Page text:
The M-185 sounds like a highway, but without cars it’s simply a handy 8.2-mile paved road that encircles the island.
It’s an excellent option to ride around the whole of Mackinac in a few hours, with stops, of course. It can be pretty windy on the north side of the island.
Have Lunch and Visit the Grand Hotel
There is no denying that the crown jewel of Mackinac Island is its iconic, Queen Anne-style Grand Hotel.
The historic resort boasts an impressive 660-foot-long front porch, making it the world’s largest front porch.
The Grand Hotel has been hosting families for 135 years, including esteemed guests including former presidents and literary legends like Mark Twain.
Make a reservation at the hotel’s main dining room for the Grand Luncheon Experience, a lunch buffet held daily from noon to 2 p.m.
Try a taste of everything the Michigan island has to offer, from fresh seafood to local cheeses and carved meats.
How Much Does it Cost to Visit the Grand Hotel for the Day?
Yes, you can visit the Grand Hotel for the day. As a full-service resort, prices to stay at the hotel are a tad steep.
Luckily, for day trippers, the grounds of the Grand Hotel are open to non-guests for a $10 fee ($5 for children ages 6 to 9; free for kids age 5 and younger).
Access includes a self-guided tour, with treasured pieces like a centuries’ old grandfather clock directly in the fantastically floral lobby.
There is such a rich past built into the fabric of the hotel, in fact, that the Grand Hotel has the designation of a Historic Hotel of America.
The property also employs its own historian, Bob Tagatz, and if you spot him in his suit and tie with his round-framed glasses, grab him for a quick chat.
The Grand Hotel is a leisurely 15- to 20-minute walk from Main Street. If you want to rest your feet on the way back, the hotel has its own fleet of vintage carriages drawn by drivers in top hats.
Sadie’s Ice Cream Parlor is open at the edge of the grounds to non-guests without having to pay an admission fee.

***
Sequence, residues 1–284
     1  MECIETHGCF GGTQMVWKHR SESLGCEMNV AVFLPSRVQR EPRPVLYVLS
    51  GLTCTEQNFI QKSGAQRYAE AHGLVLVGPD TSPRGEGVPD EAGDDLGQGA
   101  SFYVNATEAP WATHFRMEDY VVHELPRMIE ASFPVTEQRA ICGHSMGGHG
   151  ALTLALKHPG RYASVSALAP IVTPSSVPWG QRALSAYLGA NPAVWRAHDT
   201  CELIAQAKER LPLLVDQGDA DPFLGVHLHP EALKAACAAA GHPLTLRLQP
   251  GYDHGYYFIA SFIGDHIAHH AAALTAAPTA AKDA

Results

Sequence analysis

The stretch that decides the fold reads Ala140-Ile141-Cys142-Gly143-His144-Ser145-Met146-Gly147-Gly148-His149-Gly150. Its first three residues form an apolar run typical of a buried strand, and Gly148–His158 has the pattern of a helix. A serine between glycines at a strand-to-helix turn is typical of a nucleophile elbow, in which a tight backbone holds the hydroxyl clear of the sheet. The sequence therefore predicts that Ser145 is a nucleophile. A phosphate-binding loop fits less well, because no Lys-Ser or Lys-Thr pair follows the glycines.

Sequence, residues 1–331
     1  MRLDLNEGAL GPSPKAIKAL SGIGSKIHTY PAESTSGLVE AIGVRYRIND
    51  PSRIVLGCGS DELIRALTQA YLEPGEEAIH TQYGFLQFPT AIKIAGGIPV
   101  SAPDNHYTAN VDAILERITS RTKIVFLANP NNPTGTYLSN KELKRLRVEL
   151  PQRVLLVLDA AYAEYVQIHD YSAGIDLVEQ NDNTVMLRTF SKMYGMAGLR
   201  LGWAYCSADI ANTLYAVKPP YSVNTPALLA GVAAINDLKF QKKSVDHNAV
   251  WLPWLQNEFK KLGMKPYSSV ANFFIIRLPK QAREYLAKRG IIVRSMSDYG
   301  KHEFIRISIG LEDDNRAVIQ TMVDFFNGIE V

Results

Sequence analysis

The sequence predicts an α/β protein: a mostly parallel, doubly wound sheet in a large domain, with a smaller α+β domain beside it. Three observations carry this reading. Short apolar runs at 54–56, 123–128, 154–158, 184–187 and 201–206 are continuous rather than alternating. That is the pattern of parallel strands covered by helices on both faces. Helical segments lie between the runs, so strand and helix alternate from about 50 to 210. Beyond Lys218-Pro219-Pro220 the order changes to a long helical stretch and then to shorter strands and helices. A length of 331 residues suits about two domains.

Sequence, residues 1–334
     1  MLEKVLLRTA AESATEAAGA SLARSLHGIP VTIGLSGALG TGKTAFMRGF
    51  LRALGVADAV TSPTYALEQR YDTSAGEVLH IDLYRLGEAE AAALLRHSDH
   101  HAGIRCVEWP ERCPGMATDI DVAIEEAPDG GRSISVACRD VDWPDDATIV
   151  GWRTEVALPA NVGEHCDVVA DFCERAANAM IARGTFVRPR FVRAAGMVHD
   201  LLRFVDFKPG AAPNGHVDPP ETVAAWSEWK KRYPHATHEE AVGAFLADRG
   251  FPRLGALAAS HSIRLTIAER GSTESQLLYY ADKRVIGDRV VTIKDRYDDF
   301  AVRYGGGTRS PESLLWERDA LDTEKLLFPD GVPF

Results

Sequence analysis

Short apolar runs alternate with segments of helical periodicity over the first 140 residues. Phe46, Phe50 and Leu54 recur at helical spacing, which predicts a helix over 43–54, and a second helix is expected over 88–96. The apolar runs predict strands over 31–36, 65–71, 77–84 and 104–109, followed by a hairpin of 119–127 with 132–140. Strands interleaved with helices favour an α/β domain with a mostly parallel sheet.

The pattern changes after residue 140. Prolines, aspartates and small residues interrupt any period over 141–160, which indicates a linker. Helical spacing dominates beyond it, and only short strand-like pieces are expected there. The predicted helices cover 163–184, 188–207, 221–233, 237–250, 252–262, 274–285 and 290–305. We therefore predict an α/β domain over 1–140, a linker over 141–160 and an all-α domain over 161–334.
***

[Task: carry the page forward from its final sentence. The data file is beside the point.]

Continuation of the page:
Visit Arch Rock
This particularly appealing rock formation is a stop included on many carriage tours, shore excursions sold by cruise ships, and is hard to miss on a bike ride around Mackinac.
Arch Rock is an ancient 15-story limestone arch and perfect for that can’t-miss souvenir photo op.
It’s both nice to be out among nature along the trails that lead to Arch Rock and the shores of Lake Huron. You’re also near picnic tables and restrooms on this scenic stop.
Nearby is the Nicolet Watch Tower, named for John Nicolet, the first white man to enter Michigan. He did so paddling a birch-bark canoe through the unpredictable Straits of Mackinac.
Mackinac Island Butterfly House
The Original Butterfly House and Insect World is located on McGulpin Street and is open for about six months out of the year.
Mackinac’s Butterfly House is Michigan’s first butterfly conservatory and the third-oldest live butterfly exhibit in the country, going strong for more than 30 years.
This butterfly conservatory is an 1,800-square-foot indoor tropical garden. Inside, there are hundreds of butterflies from around the world, including species from Central and South America, Asia, and Africa.
Butterflies are Free
The butterflies are free to fly around the enclosed space. Visitors can watch them up close as they flutter among the flowers, plants, and trees that make up their habitat.